Today’s Qs for O’s WH – 10/13/2009

Oct 13, 2009 3:35pm

JAKE:  Which is more important to the president, that the bill — the final vote of the (health care reform) bill be bipartisan or that it include a public option?
  
GIBBS:  Well, let me go back to what I just said to Ed (Henry of CNN). The president is focused on ensuring that whatever passes, whatever reform comes to his desk have choice and competition in it…
 
JAKE:  It's increasingly clear that there's no way they're going to be able to get a Republican vote if there's a public option. So which is more important?

  
GIBBS:  Choice and competition.
 
JAKE:  That's not the choice that I gave you.
  
GIBBS:  I know it's not the choice you gave me, but I'm not playing the box game.
 
JAKE:  It’s not a box game.
  
GIBBS:  But it is.  But it…
  
(CROSSTALK)
 
JAKE:  Robert, it's very clear from…
  
GIBBS:  No…
  
(CROSSTALK)

JAKE:  … following what's going on on Capitol Hill that you're not going to get Republican…
  
(CROSSTALK)
  
GIBBS:  … what's going on on Capitol Hill as well as both what Americans want.  They want an insurance market, if they enter the private insurance market, where they have choices and where those choices generate competition that drive down costs and increase the quality of care. That's the test for the president.  And the president obviously hopes that…

JAKE:  And that can be achieved without a public option?
  
GIBBS:  We will evaluate as these two bills on the Senate side get merged and these other bills get merged to see if they meet the president's standard for doing so….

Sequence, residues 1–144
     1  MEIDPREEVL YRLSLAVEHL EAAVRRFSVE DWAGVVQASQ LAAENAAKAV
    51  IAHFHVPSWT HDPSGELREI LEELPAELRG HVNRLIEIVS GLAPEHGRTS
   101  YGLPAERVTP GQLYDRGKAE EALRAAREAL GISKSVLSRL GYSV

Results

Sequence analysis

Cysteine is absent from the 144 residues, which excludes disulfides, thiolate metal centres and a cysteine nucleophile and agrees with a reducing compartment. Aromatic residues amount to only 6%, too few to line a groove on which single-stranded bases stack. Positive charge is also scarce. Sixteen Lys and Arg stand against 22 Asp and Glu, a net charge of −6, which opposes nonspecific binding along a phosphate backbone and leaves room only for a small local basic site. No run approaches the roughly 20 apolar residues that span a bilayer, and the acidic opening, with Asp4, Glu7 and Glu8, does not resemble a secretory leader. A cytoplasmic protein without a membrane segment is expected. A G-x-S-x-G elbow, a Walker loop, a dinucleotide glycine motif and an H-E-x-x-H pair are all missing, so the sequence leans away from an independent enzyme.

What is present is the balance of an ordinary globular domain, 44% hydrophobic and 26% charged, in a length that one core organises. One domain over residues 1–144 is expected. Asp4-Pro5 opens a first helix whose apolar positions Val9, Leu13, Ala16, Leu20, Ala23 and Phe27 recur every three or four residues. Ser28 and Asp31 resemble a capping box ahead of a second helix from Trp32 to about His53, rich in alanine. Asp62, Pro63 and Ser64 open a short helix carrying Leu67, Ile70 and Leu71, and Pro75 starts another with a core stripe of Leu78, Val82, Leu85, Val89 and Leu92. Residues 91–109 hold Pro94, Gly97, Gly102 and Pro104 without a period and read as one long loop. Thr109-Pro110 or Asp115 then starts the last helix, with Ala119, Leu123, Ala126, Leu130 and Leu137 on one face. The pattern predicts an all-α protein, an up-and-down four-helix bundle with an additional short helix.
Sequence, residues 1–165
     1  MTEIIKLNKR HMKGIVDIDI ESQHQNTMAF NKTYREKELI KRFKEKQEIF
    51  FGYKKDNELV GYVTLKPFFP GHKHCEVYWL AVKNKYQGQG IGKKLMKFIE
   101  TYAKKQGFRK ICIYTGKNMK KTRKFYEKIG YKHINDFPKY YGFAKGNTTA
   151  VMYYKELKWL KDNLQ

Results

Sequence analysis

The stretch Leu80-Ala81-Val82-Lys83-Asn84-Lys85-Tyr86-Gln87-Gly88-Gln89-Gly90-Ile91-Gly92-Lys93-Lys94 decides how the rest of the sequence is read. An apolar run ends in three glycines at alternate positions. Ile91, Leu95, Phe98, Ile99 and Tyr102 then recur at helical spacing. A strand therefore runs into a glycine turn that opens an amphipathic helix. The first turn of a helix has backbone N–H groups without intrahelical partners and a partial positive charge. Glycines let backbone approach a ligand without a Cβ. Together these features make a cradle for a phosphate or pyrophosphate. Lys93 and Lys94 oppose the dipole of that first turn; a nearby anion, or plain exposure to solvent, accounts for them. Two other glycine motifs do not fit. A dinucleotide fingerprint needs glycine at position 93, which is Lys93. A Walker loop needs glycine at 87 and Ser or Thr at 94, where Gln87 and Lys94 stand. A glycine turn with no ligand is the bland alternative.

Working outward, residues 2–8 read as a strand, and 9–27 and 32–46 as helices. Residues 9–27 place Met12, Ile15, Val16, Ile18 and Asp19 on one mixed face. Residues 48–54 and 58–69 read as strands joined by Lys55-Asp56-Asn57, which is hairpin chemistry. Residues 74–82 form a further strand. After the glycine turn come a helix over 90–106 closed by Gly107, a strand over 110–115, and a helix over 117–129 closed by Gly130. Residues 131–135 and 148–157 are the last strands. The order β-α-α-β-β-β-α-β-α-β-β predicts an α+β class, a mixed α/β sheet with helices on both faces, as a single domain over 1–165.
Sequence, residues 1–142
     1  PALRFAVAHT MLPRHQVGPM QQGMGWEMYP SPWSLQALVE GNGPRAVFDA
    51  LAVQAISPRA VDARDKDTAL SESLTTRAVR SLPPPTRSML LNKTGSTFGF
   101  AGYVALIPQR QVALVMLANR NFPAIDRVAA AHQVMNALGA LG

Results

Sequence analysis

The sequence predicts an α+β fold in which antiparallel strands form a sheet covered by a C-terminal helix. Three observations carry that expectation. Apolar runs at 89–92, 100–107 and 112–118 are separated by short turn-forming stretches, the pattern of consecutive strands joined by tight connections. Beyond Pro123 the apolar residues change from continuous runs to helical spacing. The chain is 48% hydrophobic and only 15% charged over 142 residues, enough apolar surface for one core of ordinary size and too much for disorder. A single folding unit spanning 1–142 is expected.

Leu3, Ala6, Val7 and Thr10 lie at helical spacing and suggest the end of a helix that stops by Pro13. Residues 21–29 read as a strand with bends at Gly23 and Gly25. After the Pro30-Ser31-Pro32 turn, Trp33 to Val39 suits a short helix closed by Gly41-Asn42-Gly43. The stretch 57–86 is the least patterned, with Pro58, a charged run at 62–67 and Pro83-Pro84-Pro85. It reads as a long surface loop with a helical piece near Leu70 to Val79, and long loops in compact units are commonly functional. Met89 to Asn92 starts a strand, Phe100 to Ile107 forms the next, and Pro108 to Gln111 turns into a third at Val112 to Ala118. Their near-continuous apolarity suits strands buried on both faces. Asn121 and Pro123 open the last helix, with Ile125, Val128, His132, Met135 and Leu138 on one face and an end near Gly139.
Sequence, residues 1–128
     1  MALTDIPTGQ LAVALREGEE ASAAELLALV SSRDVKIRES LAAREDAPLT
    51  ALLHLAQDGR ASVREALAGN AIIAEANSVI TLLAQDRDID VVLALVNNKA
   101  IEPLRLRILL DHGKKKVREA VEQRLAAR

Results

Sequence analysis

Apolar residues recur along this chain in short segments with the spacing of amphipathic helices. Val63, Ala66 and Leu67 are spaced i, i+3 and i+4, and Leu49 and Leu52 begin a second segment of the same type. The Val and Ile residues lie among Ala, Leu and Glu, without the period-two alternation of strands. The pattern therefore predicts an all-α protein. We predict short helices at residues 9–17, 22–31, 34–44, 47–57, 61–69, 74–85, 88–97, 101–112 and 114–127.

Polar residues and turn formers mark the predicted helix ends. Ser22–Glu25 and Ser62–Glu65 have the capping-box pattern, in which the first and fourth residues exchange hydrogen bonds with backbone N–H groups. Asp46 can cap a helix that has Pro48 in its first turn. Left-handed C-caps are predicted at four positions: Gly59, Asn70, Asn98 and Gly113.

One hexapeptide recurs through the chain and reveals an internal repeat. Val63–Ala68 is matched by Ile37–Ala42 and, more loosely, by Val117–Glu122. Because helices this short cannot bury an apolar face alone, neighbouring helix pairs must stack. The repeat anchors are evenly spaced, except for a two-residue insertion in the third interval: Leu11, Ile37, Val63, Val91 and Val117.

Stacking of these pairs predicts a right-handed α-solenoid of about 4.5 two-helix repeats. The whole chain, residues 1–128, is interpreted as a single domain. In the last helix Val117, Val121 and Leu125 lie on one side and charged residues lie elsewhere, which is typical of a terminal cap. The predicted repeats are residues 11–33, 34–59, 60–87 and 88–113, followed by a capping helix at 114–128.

JAKE:  And on Thursday, the states are expected to give some reports on the stimulus funds and how many jobs they've created.  I know that you don't have the file numbers and all that, but — but are you guys — as the numbers are starting to be released, what's the feeling in the White House on the stimulus package, how it has affected job creation?
  
GIBBS:  Well, look, I — I think if you look at the reports today, you see that literally tens of thousands of jobs in the classroom have been saved, alone, by the recovery plan.  I think you'll see projects that will — will talk about both saving jobs as well as creating them. As we've talked about here the last several weeks, and really dating back to the very beginning of this, the recovery plan was intended to cushion the deep downturn in our economy.  We think that the plan has done that. I think we certainly are hopeful that in the growth numbers that will be coming out later this month, you'll see positive economic growth. Again, as the president has said many times, there's still a long way to go and we need to make sure that those that are looking for work can find it.

-jpt

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